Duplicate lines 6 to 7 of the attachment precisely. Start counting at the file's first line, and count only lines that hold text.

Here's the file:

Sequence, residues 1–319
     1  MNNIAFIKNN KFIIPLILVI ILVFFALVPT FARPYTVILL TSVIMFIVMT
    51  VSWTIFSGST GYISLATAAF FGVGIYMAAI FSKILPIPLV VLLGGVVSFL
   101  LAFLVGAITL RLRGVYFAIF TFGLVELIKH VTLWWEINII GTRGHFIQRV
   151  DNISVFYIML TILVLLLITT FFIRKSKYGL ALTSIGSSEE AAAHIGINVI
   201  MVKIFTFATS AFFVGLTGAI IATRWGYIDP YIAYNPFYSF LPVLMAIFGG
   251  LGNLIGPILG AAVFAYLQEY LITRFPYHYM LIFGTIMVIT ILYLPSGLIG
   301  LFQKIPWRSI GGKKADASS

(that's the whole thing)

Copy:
   201  MVKIFTFATS AFFVGLTGAI IATRWGYIDP YIAYNPFYSF LPVLMAIFGG
   251  LGNLIGPILG AAVFAYLQEY LITRFPYHYM LIFGTIMVIT ILYLPSGLIG